How important is pre-season in preparing you for a new season?
It’s vitally important. It gets me physically and mentally fit for the season. If you don’t complete pre-season you’re 80 per cent more likely to get injured during the season. It’s also an opportunity for the manager to work on tactics and formations and get his ideas and ethos across so that everybody knows what is expected of them and what their jobs are. As players, it’s a chance for us to get to know each other.
More after the break
How have you benefitted from putting in the hard graft during pre-season?
It’s made me fitter and helped me play a lot more games throughout a season. In previous seasons when I haven’t played as well, I haven’t had great pre-seasons – I had niggles or got injured. I’ve found that if I get a good pre-season under my belt it kick-starts my season and I hit the ground running.
What sort of difference can a good pre-season make come game day?
It can also make a huge different during games. If you’ve worked during pre-season you’ll feel stronger than your opponents in the last 10 minutes of the game – this is when a lot of matches are won. It’s important to push yourself as hard as you can in pre-season because it will really benefit you once the season starts. You’ll be up and running a lot quicker than your opponents.
In FFT’s pre-season training supplement, we’re encouraging players to improve their speed. Acceleration is one of the elements the guide focuses on. How important is speed off the mark?
It’s massively important to my game, especially the way I play, running at defenders. If you’ve got that explosive acceleration you’re able to get away from defenders and either shoot and score or pass or cross. It gives you an extra advantage over your opponent.
Fans have seen you leave pacy defenders for dead. How do you hit such frightening speeds?
You need to drive your arms and legs as hard as you can when you’re accelerating to get up to your top speed. Once you’re in full flow, relax and focus on letting the natural rhythm of your stride take you away from defenders. You always have to be on your toes and aware of what’s going on around you. If you’re able to read what is going to happen next, you’ll be able to react quicker than the opposition and get to the ball quicker.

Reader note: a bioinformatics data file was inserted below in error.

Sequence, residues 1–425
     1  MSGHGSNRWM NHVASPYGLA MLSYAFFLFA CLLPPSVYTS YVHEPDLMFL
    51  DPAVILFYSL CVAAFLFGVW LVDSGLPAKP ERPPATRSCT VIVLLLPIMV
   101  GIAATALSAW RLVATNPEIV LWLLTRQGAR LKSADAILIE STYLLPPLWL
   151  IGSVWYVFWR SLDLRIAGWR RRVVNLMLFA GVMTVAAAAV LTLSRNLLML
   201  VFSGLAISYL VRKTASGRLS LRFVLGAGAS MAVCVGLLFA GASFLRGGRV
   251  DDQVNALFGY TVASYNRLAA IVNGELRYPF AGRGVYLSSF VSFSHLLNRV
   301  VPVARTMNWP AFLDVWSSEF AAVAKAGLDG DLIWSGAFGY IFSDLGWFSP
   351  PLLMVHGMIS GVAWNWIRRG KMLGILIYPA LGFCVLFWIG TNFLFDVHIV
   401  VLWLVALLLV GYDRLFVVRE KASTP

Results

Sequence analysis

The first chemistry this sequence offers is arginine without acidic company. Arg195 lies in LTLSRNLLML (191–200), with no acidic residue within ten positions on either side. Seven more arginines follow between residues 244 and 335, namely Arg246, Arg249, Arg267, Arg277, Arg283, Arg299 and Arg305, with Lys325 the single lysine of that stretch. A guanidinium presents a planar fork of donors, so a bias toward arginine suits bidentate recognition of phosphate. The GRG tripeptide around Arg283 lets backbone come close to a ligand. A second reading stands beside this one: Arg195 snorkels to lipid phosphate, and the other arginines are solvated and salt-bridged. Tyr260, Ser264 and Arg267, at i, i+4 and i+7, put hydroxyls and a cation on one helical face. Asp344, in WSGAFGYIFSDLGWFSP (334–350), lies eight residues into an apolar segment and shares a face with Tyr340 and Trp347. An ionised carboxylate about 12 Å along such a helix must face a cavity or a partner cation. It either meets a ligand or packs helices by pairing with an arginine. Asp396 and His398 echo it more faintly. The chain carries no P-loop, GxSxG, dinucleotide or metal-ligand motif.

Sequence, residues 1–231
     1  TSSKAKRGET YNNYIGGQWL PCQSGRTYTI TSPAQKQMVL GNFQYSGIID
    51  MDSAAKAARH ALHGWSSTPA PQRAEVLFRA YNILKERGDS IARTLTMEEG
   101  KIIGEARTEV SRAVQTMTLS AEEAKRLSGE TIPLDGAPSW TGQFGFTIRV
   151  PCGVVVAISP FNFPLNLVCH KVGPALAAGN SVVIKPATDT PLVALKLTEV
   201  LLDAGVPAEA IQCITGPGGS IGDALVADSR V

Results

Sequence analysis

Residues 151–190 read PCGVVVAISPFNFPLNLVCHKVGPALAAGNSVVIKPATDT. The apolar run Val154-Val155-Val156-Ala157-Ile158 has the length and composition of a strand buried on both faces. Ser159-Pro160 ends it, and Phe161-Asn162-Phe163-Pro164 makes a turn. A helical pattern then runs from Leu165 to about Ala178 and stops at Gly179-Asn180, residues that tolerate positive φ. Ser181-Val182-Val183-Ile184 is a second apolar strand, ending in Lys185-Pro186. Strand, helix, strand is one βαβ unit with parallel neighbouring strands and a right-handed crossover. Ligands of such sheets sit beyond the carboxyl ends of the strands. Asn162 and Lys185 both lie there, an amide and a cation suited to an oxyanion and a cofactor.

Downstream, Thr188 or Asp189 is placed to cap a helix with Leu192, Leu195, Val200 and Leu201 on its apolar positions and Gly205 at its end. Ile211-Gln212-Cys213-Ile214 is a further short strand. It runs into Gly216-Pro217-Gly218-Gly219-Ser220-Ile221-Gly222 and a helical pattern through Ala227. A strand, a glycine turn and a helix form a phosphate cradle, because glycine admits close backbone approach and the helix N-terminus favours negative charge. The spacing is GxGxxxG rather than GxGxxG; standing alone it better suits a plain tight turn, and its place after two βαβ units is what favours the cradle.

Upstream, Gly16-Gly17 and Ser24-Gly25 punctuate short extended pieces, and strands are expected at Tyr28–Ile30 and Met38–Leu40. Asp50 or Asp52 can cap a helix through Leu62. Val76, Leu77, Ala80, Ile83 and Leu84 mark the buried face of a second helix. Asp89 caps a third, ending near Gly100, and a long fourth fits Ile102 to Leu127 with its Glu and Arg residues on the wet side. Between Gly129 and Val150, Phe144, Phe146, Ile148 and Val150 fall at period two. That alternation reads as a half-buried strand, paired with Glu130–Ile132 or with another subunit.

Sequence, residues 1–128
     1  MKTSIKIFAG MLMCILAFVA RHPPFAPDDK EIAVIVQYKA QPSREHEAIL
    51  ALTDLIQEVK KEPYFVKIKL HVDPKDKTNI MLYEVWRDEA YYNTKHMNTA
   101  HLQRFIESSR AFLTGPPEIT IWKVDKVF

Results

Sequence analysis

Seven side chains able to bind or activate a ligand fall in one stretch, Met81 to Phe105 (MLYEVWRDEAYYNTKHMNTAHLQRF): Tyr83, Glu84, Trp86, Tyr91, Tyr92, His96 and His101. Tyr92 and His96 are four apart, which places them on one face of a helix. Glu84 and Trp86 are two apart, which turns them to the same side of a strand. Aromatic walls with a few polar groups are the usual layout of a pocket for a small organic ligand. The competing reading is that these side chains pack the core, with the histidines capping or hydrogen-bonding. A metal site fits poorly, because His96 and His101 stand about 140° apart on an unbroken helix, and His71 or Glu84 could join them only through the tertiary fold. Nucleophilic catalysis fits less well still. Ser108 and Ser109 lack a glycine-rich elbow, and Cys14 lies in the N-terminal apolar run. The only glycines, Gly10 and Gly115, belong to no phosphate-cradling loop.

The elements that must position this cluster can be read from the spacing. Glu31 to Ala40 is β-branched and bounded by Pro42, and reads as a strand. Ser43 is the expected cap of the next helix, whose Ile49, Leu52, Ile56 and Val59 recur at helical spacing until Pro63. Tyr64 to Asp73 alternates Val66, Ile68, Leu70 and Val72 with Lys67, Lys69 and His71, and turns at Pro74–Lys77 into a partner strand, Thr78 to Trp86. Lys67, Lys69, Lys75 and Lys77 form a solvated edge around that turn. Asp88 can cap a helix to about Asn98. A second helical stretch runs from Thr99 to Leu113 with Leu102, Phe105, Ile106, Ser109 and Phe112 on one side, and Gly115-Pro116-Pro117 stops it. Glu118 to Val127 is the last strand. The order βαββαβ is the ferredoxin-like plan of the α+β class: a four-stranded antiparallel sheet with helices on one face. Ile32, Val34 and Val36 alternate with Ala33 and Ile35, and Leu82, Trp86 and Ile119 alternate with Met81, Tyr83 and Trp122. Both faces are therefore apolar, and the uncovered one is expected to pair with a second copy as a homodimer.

It’s one thing being quick without the ball, but racing past defenders with the ball at your feet is a skill only the best players demonstrate. How have you mastered this art?
To dribble past defenders you need to believe in your ability and trust your instincts. Do what comes naturally. From a technical point of view, keep your eye on the ball, but take quick snapshots of what’s in front of you so that you can react. Keep the ball close and take nice firm, controlled touches – not too soft, not too heavy. Even if you’re fast, when the ball runs away from you a defender can step in and nick it.
Football is a game of repeated high-intensity sprints. How key is it to be able to perform sprint after sprint for 90 minutes?
If you’re able to run hard for 90 minutes you’re going to get a lot more goals and win a lot more games. The best way to train this is by replicating what you do in a match – repeated sprints across the length of the pitch. When I’ve spent a game running at a defender and I can see that he’s tired it gives me a lift and makes me want to give that extra 10 per cent so I can outpace them. Once you’ve worn them down they become a weakness and you want to exploit that.
You’re not just a great player, but also a naturally gifted athlete. Were you a track and field star at school?
I competed in everything: long distance, middle distance and sprinting. [FFT: Could anyone keep up with you?] I won pretty much everything. I was better at long distance, but preferred doing the shorter distances. Sprinting was my favourite.
Who were the fastest players you came up against in the Premier League?
There are obviously certain players that are slow and you want to be coming up against them more often than not. If they can’t catch you, that can’t tackle you. Gael Clichy is pretty fast. Kyle Walker is quick at Tottenham, but I fancy myself against him. There are a lot of quick players in the Premier League, but players like Theo Walcott and Antonio Valencia have real speed. Alex Oxlade-Chamberlain is quick, but don’t tell him I said that!
We’ve spoken a lot about training, but to get the best out of your sessions you need to be fully fuelled. How important is hydration and diet to your regime?
Massively important. If you get your diet and hydration right you’re going to be a step ahead of everybody else on the pitch. If you’re hydrated properly you reduce your risk of injury and if you’re committed to your fitness programme you’ll be able to last longer, running just as hard in the last minute as you were in the first. Amateur players will naturally struggle in the last 20 minutes, so if they want to gain an advantage all round they should commit themselves to getting it right in every department. If you want to become a better player you need to do all of these things right.
After you’ve fuelled your body and worked your socks off, how do you set about preparing for another day of training?
We have ice baths at Tottenham after every training session and one the day before a game. Rest, sleep and getting food and drink on board are all key elements. Recovery is essential if you want to get ready for the next training session and match.
For more football tips see:
Lucozade Sport pre-season training: Week 1
Lucozade Sport pre-season training: Week 2
Lucozade Sport pre-season training: Week 3
Lucozade Sport pre-season training: Week 4
Lucozade Sport pre-season training: Week 5
Lucozade Sport pre-season training: Week 6
Hydration is key
The dos and don’ts of hydration
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